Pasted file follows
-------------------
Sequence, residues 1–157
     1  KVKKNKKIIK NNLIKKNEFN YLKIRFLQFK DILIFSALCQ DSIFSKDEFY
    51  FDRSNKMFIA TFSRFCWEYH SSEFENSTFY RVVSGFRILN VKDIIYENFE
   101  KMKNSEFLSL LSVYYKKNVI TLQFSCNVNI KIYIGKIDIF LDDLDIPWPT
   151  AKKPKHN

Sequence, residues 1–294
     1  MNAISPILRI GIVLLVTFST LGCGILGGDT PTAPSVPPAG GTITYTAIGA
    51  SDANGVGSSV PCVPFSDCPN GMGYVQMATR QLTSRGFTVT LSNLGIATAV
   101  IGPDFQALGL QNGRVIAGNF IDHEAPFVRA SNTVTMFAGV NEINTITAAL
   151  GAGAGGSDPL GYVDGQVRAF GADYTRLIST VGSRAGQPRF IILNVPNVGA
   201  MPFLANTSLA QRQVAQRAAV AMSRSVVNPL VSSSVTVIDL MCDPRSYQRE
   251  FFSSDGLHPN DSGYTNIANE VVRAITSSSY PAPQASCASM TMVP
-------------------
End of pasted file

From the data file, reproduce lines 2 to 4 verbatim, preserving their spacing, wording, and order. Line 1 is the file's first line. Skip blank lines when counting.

     1  KVKKNKKIIK NNLIKKNEFN YLKIRFLQFK DILIFSALCQ DSIFSKDEFY
    51  FDRSNKMFIA TFSRFCWEYH SSEFENSTFY RVVSGFRILN VKDIIYENFE
   101  KMKNSEFLSL LSVYYKKNVI TLQFSCNVNI KIYIGKIDIF LDDLDIPWPT